Friday, March 13, 2020

The Wild Woman who was called Peculiar

By Jacqui Nelson

It's Friday the 13th. It’s a day that some might call “peculiar.” I think the Wild West was probably shaped by many “peculiar” and “headstrong” people,'s time to meet the minister’s daughter who was called both of those words.

Meet the woman who, at age fifteen, left home to attend church but instead took the train to St. Louis to make her own fortune…only to be “persuaded” to return home one week later and conform to the current image of a 1860s woman…until her “removal to” California 22 years later when she finally found a way to write freely under her own name.

Alice Moore McComas
( born 1850 in Paris, Illinois )  

Alice Moore was born into a prestigious family with traditional views of women. Her father was a Methodist minister and a representative in Congress. From the age of eight, her opinions on society and religion resulted in her being labeled "peculiar" and as she grew older "headstrong.”

In school, she traded compositions she'd written for worked-out mathematical problems. She averaged six to ten compositions weekly on different subjects while changing her style to escape detection. When her male relatives and friends enlisted with the Union during the American Civil War, she began studying politics and the woman's rights movement.

When Alice was fifteen, she left home to attend church but instead took the train for St. Louis to make her own fortune. She secured a job in a dry goods store for $8 a week, but after one week of successful self-reliance, she was “persuaded” to come home. She took solace in writing stories and poems (many of which were destroyed as soon as written) and attended to the social duties demanded of a daughter of a prominent family. In 1870, she married Judge Charles C. McComas and took up the duties of wife, mother, and housekeeper.

After the panic of 1876’s financial disaster, Alice’s husband lost their home and property. Believing he could swiftly retrieve his lost fortune in a new place, Charles went to Kansas. Alice resumed writing and earned a small income while concealing her identity under a pen name. In 1877, she and her two daughters joined Charles in Kansas.

In 1887, after Alice’s “removal to” Los Angeles, California, she began writing under her own name. I couldn’t discover what “removal to” meant, so we’ll just have to guess….while remembering this is a word used when women were “persuaded” and labeled “peculiar” and “headstrong” for having an opinion.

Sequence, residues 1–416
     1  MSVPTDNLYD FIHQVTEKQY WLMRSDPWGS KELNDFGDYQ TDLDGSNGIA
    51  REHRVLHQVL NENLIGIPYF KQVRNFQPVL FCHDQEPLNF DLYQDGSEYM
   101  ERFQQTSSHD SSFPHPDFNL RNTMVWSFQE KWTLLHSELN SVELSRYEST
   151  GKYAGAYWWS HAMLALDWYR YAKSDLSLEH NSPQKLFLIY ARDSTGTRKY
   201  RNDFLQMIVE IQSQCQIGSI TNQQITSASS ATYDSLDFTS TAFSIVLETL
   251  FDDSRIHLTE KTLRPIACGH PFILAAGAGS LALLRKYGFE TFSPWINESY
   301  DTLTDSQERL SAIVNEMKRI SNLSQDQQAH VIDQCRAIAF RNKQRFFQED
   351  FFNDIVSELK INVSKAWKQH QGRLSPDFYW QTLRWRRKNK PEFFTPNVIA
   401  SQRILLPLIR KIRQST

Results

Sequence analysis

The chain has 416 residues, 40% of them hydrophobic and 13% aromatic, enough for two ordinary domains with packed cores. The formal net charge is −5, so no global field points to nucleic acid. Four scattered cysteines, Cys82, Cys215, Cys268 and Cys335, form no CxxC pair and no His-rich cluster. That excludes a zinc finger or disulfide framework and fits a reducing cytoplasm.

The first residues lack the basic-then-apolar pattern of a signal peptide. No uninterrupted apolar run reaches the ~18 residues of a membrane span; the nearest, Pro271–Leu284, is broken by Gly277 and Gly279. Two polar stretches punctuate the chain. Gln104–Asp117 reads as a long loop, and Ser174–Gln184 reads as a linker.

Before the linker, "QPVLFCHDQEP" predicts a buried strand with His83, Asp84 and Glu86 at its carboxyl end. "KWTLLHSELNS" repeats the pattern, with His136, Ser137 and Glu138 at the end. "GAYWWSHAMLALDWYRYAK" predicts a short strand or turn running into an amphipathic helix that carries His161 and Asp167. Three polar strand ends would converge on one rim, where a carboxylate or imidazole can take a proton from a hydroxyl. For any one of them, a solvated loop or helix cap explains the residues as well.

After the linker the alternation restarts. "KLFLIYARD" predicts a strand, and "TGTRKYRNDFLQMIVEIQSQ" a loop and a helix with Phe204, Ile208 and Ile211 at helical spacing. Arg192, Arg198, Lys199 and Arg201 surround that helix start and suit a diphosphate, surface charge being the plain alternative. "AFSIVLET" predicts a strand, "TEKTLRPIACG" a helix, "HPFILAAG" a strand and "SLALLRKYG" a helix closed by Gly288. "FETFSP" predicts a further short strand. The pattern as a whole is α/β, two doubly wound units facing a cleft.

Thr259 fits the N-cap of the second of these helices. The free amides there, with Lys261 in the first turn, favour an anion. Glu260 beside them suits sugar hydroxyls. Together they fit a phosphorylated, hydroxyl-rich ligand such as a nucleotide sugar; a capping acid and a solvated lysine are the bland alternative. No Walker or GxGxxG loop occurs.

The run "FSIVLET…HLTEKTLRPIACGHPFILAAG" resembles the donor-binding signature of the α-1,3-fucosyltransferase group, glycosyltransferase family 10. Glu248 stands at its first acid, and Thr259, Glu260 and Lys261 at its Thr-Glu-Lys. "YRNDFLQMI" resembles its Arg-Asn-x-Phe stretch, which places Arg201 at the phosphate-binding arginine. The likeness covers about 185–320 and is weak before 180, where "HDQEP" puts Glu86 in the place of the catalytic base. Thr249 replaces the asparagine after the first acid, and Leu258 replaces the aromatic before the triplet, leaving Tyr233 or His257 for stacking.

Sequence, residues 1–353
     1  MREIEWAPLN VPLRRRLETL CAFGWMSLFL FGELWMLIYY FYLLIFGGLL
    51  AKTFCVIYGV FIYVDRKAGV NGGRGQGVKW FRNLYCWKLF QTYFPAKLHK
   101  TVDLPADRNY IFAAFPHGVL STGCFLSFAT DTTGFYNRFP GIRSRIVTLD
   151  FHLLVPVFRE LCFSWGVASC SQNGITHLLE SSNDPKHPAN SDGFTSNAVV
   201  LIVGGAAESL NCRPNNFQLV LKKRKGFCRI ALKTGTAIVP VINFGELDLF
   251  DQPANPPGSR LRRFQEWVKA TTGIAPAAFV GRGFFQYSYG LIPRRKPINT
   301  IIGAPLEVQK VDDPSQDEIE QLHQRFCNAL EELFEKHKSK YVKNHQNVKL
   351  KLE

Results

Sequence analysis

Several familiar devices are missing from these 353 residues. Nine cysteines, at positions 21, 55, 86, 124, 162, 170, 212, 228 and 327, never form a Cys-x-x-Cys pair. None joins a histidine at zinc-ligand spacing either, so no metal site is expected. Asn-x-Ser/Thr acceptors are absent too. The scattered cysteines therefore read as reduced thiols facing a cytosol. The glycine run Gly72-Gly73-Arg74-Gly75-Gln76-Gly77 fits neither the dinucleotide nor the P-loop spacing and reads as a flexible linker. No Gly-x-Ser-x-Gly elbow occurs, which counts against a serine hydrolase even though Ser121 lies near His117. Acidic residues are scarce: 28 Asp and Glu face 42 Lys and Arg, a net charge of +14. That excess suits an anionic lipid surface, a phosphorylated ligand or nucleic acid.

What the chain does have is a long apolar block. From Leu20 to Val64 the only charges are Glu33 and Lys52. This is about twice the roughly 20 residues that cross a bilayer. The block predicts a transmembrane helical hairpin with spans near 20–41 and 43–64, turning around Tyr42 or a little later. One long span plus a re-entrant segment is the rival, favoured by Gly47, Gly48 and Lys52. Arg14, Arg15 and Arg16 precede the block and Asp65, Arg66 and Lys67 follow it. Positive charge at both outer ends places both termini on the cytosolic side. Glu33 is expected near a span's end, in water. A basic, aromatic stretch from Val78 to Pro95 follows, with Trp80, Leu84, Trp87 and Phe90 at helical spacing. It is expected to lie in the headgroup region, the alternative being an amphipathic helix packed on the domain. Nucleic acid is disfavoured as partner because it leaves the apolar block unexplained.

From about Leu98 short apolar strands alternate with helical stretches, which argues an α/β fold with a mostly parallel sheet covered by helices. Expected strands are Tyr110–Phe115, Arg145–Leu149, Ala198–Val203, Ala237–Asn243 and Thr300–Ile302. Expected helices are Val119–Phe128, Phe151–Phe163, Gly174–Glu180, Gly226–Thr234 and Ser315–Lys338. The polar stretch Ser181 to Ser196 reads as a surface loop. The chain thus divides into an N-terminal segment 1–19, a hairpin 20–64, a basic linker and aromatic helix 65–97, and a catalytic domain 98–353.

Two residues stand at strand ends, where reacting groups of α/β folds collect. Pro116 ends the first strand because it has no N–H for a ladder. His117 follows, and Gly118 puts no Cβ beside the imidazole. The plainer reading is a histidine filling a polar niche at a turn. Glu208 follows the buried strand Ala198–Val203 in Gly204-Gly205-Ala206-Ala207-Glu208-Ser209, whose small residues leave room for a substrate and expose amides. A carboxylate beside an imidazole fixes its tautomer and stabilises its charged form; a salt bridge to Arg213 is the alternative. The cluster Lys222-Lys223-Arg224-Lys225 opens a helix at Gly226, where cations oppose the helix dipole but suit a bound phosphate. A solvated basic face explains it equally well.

Alice served as associate editor of the Pacific Household Journal and wrote Under the Peppers (a book on child life in California) plus many short stories and articles on politics and economics.

In 1891 and 1893, she was vice-president of the National Woman Suffrage Association, the first vice-president of the Ladies' Annex to the Los Angeles Chamber of Commerce, and a member of the board of directors of the Women's Educational and Industrial Union. During her term as president of the California suffrage society, the first county suffrage convention was held in the state. Alice contributed to over 70 newspapers on the suffrage question.

Alice also secured the promise of a land donation for a public park in her neighborhood -- on condition that the city would improve it. She took the matter before the city council, urging them in a stirring speech to accept the gift. Only by diligent and persistent work (aka by being “peculiar” and “headstrong”) did she finally secure $10,000 to fund the land's improvement and complete the project.

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This blog post is dedicated to all the “peculiar” and “headstrong” people out there—past, present, future. May all of your days be happy and safe ❤️❤️

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Don't forget to download my FREE story Rescuing Raven (Raven & Charlie's story in Deadwood 1876) 


Julie Lence said...

What a wonderful and inspiring lady. Thanks, Jacqui!

kathleen Lawless said...

She sounds like someone I'd enjoy meeting. Thanks for the post.